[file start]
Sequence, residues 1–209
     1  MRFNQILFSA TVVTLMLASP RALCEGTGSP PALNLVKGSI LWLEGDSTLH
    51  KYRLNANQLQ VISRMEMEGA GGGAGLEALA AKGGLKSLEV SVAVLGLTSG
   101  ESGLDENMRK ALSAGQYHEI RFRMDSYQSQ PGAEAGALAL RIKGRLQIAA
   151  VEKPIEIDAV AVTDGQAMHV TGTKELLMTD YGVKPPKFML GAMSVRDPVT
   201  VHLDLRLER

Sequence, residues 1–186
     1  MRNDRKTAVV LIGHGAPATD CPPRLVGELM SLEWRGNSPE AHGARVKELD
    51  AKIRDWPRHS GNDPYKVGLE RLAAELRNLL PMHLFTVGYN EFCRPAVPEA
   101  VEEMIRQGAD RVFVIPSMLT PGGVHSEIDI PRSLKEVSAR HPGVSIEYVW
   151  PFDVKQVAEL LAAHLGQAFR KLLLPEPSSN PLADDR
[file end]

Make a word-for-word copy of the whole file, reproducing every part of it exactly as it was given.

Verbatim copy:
Sequence, residues 1–209
     1  MRFNQILFSA TVVTLMLASP RALCEGTGSP PALNLVKGSI LWLEGDSTLH
    51  KYRLNANQLQ VISRMEMEGA GGGAGLEALA AKGGLKSLEV SVAVLGLTSG
   101  ESGLDENMRK ALSAGQYHEI RFRMDSYQSQ PGAEAGALAL RIKGRLQIAA
   151  VEKPIEIDAV AVTDGQAMHV TGTKELLMTD YGVKPPKFML GAMSVRDPVT
   201  VHLDLRLER

Sequence, residues 1–186
     1  MRNDRKTAVV LIGHGAPATD CPPRLVGELM SLEWRGNSPE AHGARVKELD
    51  AKIRDWPRHS GNDPYKVGLE RLAAELRNLL PMHLFTVGYN EFCRPAVPEA
   101  VEEMIRQGAD RVFVIPSMLT PGGVHSEIDI PRSLKEVSAR HPGVSIEYVW
   151  PFDVKQVAEL LAAHLGQAFR KLLLPEPSSN PLADDR